The word androgyny, it’s a boring overused word, but it does have a point. Androgyny wasn’t a style thing, it wasn’t something to be turned into a photo shoot for the cover of The Face, it was more of a point of view, more of a thing of trying to reject old values, it wasn’t a sort of homage to early 70’s glam rock, it was sort of like saying, “no, I’m a human being first, and let’s have a look between my legs and see what I am second.” What sex I am is secondary to me, I connect with people on an emotional level, and that was what I was trying to say really.
– Brett Anderson
Suede burst onto the scene in the early ’90s when music was in the throes of a “me, me, me” blitzkrieg. Grunge was fueled by self-loathing, Madchester by self-destruction and shoegaze by self-indulgence. Suede didn’t want anything to do with any of that; they wanted extroverted extravagance. The London four-piece—singer Brett Anderson, guitarist Bernard Butler, bassist Mat Osman and drummer Simon Gilbert—aspired to grandiosity, like David Bowie, The Smiths, Scott Walker and Joy Division before them. I loved them and everything to do with them. My first dance at my first (failed) marriage was, ironically, Stay Together.
Fast forward to Southend, 2013. Brett Anderson stands atop a podium and takes a pause in the middle of epic, yearning ballad Sometimes I Feel I’ll Float Away, while his band remain poised and silent, four blank-faced men dressed in black waiting for a signal from their preening, long-limbed leader. The crowd play the game too, not interrupting with peremptory applause, waiting for their cue. After a daringly extended break, Anderson breathily oozes back into the song with the arch phrase “I can count the times I forgot my lines and you pretended that you didn’t know” while the band slips in behind, building up to a thunderous noise.
“Ooh Brett, you’ve still got it,” sighs the middle-aged woman next to me.
What is particularly remarkable is that this is not some fondly remembered classic of stagecraft from Suede’s back catalogue, but a new song. Suede open with three tracks from their recently released sixth album, Bloodsports, and include four more in a swaggeringly confident 23-song set. It is material that matches the best of their back catalogue in terms of melody, drama, romance and attack, with Richard Oakes and Neil Codling’s bright guitar lines meshing and shining beneath Anderson’s mannered croon. Hit Me, another new song, has Anderson plunging daringly into the crowd, yelling “Sing it! Sing it!”. The audience oblige, with raised fists and “la la las”. He plunges into the crowd many many times after this, grabbing hands and giving sweaty cuddles.
The gig is sold out, with at least half the crowd made up of women (not always a given at a loud, standing rock gig), Suede’s audience are in enthusiastic voice all night, although inevitably the big nineties hits inspire the greatest lung power. Animal Nitrate, once so provocatively weird, becomes a beery singalong. On Trash, the crowd make a brave if not entirely successful attempt to hit the falsetto in unison. By the set’s end, thousands are bellowing “here they come, the beautiful ones”, as if in defiance of their own advancing years.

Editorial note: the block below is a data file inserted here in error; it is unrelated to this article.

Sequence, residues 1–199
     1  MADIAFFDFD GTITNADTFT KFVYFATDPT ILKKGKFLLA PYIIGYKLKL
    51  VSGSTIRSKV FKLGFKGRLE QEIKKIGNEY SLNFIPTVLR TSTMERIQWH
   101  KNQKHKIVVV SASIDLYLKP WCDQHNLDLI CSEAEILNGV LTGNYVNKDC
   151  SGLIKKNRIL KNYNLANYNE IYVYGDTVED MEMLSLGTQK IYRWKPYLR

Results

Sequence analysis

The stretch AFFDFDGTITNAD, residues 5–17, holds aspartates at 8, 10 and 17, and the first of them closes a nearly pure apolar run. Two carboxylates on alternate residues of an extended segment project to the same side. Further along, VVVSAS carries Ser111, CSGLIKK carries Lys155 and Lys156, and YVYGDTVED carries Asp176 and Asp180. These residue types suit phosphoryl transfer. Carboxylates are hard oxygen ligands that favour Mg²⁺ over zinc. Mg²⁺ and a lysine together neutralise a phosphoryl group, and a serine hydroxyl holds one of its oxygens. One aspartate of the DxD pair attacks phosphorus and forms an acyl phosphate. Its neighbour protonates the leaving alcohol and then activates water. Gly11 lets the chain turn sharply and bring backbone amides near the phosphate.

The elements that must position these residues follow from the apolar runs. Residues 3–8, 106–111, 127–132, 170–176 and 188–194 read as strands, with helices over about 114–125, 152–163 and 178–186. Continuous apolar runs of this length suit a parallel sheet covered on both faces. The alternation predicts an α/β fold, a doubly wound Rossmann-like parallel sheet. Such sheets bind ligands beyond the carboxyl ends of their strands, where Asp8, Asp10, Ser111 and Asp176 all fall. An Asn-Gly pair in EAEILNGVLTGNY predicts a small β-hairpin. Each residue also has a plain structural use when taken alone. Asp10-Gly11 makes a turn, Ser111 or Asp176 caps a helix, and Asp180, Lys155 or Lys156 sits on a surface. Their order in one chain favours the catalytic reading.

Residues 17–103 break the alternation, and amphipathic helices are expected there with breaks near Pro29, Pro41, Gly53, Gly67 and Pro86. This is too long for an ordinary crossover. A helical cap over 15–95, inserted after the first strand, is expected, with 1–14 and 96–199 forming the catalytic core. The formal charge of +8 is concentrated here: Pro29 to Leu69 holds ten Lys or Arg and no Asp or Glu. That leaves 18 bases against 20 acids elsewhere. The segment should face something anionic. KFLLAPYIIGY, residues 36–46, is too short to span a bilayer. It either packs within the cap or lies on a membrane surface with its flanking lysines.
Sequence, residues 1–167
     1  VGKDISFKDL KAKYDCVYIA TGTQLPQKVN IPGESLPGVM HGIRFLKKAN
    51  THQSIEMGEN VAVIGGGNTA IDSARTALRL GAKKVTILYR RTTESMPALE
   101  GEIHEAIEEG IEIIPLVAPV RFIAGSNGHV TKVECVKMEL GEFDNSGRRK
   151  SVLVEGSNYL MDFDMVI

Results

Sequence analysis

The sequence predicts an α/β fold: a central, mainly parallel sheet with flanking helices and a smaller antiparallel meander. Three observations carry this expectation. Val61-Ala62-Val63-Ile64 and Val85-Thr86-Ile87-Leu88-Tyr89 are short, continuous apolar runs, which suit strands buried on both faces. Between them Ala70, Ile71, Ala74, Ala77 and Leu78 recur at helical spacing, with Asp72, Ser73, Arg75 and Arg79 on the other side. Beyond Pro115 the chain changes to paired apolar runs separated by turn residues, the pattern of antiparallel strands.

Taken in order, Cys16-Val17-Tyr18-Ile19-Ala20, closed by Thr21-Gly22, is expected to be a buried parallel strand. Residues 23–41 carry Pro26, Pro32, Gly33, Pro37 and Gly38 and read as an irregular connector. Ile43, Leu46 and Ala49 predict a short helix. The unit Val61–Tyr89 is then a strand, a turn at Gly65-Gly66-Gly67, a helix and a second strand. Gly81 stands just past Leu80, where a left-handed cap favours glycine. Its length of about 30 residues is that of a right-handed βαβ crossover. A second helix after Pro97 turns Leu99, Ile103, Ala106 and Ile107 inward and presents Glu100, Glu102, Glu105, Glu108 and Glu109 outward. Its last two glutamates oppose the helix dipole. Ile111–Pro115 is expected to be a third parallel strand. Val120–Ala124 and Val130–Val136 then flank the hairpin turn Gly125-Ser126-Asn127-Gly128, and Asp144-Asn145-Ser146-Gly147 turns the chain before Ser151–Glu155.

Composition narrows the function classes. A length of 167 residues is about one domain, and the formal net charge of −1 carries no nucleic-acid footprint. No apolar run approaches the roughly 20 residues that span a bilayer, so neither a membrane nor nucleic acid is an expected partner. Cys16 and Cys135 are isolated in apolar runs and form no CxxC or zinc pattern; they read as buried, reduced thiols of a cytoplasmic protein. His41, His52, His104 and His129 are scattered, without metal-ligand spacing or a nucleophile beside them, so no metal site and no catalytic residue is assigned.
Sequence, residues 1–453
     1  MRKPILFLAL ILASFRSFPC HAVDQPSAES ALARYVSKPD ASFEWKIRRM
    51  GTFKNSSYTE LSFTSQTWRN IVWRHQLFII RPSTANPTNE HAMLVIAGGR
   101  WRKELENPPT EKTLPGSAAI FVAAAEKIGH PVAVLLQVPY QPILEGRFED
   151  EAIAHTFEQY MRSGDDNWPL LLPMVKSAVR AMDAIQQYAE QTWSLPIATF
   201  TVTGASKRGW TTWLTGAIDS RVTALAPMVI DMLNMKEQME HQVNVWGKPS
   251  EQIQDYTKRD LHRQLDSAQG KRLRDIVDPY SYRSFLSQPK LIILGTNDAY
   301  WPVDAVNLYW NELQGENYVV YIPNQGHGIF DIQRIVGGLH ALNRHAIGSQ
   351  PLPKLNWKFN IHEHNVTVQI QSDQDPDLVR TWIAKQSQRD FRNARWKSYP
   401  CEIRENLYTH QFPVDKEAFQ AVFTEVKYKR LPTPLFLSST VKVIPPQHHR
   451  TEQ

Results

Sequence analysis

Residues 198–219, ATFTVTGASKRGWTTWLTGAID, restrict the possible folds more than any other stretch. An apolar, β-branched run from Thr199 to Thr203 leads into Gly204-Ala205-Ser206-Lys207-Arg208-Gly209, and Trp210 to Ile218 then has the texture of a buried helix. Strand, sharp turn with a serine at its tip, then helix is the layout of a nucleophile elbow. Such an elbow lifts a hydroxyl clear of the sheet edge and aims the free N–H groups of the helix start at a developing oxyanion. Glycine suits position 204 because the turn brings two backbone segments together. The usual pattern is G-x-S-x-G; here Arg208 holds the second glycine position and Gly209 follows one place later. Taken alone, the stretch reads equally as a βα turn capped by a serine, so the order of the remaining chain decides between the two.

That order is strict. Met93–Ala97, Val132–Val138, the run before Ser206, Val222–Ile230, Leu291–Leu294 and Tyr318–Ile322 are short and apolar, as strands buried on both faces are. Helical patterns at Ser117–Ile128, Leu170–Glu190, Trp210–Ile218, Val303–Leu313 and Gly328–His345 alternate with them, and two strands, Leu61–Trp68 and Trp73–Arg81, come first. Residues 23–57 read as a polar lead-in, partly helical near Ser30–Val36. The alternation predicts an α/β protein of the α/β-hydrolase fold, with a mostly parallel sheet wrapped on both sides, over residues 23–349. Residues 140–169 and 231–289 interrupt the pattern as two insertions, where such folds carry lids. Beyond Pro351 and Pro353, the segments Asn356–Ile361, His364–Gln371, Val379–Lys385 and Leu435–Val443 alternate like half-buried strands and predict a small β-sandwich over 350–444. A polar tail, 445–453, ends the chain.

At Southend Cliffs Pavilion, Suede confirmed that they are staging one of the great comebacks. In almost all respects they are slicker, grander, more purposeful than when they broke up, to mass indifference, in 2003. And yet there is, almost inevitably, the sense of something missing, or misplaced.
It is partly the 47 year-old Anderson’s sweaty, lad rocking enthusiasm, dressed in plain black shirt and black jeans, jumping up and down like a lanky bunny, throwing himself into the crowd yelling “sing it!” at every opportunity. Where is the poise and mystery (not to mention dress sense) that once set them apart from the pack?
There was a time when Suede seemed destined to become one of the great groups, playing epic fanciful rock with a preening, narcissistic frontman on a mission of self-discovery. In the hands of young men, this was music of melodramatic, romantic possibility, taking the spirit of early 70s Bowie and charging it with post-punk energy, the heavy guitar flourish of grunge and space rock possibilities of psychedelia. Suede are often cited as the pioneers of Britpop, but they promised something much grander and stranger.
Well, 20 years on, the music retains all of that flavour but, performed by middle-aged men, it has shed its liquid possibility and solidified into a camp fetishisation of wasted youth. At 47, Anderson is still singing (and writing) songs of forlorn, romantic disillusion and alienation. It is music that no longer aspires to greatness but settles for crowd pleasing. You could say the same of a lot of groups, of course, most of whom have never managed a comeback remotely as effective. After this show, I am genuinely interested in what Suede do next. They have re-established their base in unlikely circumstances. Can they still shoot for the stars? The joy of getting older is that our heroes are more accessible. I gave Brett a kiss on his cheek during Metal Mickey. I shouted to him that it was my friend’s birthday, so he held her hand as he sang “So Young”. He was singing to my ex-wife. Stay Together indeed.